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News Orgs Battle to Document Iranian Rallies

A government ban on foreign journalists following its refusal to renew credentials and sporadic blocking of cellphone and Internet services isn’t making coverage of the developing political situation in Iran any easier for U.S. and foreign news operations.  

The Iranian government on June 16 imposed a ban on foreign reporters, confining them to their bureaus and preventing them from filming rallies as thousands of protestors continued to clog the streets of Tehran in support of opposition leader Mir-Hossein Mousavi.  And given recent detainments of journalists in Iran and North Korea, the mandate is being taken very seriously.

“Clearly we can only operate in Iran with the permission of the authorities,” says Jon Williams, World News editor for BBC News, adding that the recent arrest and detainment of Roxana Saberi is a stark reminder of the regime’s suspicion of journalists. “It would be foolish for anybody to continue to operate knowing full well that the authorities would love to be able to arrest legitimately.”

Iran has dominated headlines since the disputed re-election of President Mahmoud Ahmadinejad on June 12. News organizations reported several deaths at a June 15 rally. There have been pictures of night-stick wielding police beating protestors. Video – professional and amateur – has shown bloodied demonstrators.

The news blackout is the latest roadblock for journalists and Iran’s tech-savvy populace, which has mobilized on blogs, social networking sites and messaging service Twitter to offer a boots-on-the-ground view of the controversy.

During the uprising, the Iranian government has intermittently jammed satellite feeds in an attempt to prevent news organizations from reporting live from the region. Text-messaging and cellphone services have been sporadically shut down. And access to Facebook and other sites has also been blocked.

Nevertheless, thousands of protestors have contributed video to blogs and social networking sites that in turn has been picked up by news organizations.

“They seem to be doing their best to quell dissent,” observes Kate O’Brian, Senior VP of news for ABC News. “But it’s not a complete, across-the-board shutting down.”

Indeed, access to broadband and the Internet have not been unequivocally blocked. The messaging service Twitter remains an important line of communication for Iranians, so much so that the State Department asked the San Francisco-based company to delay a scheduled maintenance shutdown on June 15. (The site did go down for about an hour on June 16.)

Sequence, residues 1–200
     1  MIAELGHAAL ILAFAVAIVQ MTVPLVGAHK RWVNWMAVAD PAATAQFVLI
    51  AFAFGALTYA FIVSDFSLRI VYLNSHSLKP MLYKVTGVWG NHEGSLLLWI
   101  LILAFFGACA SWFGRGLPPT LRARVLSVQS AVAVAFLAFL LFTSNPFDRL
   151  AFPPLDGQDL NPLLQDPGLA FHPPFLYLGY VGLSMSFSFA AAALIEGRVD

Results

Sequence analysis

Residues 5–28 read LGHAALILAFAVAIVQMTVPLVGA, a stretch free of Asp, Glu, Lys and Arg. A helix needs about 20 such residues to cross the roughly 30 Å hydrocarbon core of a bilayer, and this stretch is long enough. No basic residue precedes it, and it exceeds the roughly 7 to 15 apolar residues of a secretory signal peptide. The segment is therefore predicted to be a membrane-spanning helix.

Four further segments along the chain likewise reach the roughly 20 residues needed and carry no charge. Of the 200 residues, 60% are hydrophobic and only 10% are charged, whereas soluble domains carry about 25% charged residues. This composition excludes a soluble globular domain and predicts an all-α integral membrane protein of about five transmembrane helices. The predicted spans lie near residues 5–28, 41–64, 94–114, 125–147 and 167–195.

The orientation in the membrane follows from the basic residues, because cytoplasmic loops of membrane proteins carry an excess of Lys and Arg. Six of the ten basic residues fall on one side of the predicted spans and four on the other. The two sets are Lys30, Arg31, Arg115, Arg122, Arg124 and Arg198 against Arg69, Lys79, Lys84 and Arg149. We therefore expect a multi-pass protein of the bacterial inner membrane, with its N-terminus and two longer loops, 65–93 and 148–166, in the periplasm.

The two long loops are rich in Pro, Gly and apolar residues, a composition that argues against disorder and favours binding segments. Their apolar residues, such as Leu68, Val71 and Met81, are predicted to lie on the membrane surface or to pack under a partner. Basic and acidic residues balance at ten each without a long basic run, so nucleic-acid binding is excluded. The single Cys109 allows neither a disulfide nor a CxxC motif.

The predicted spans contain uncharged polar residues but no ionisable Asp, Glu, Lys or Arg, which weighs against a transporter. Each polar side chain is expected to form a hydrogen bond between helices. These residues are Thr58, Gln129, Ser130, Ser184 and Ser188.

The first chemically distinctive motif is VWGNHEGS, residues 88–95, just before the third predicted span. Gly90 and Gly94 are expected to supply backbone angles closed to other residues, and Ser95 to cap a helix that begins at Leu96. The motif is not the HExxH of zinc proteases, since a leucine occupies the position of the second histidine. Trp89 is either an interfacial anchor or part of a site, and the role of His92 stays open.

“You can still use broadband; you can still read the Internet,” says the BBC’s Williams. “It’s quite interesting the way they’re policing old media in one way and new media in another. I think it shows there’s an interesting discussion going on inside the regime. The Iranian government has for a long time presented itself as a sophisticated society.”

But whether or not the regime lifts the ban on journalists may be moot, as the credentials for many reporters covering the election have expired or soon will. On June 16, CNN’s Christiane Amanpour was back in London, while NBC News’ Richard Engel had returned to New York. The BBC has already had one team’s accreditation expire and correspondent John Simpson’s credentials are due to expire at the end of the week. ABC News correspondent Jim Sciutto’s credentials also will expire this week. ABC News has requested new credentials, but so far has been denied.

“They’re saying they are not at this point able to honor our request,” says O’Brian.

The reporters who remain have been limited to describing the scene without video or with rudimentary amateur recordings or old video from the state-run English language service Press TV. CNN's Reza Sayah could be seen speaking from the roof of his hotel. ABC's Sciutto has filed multiple reports via a cellphone camera. And Ali Arouzi, the Tehran bureau chief for NBC News, appeared on Rachel Maddow's MSNBC program on Tuesday night in front of a still picture of Tehran.

“The story is going to go different ways right now,” adds Parisa Khosravi, senior V.P. of international newsgathering for CNN Worldwide. “I think we’re at the fork in the road here. It’s an indication of how the story will go, whether the protests will be allowed to continue or not. If the media is going to get restricted, that’s a signal to watch.”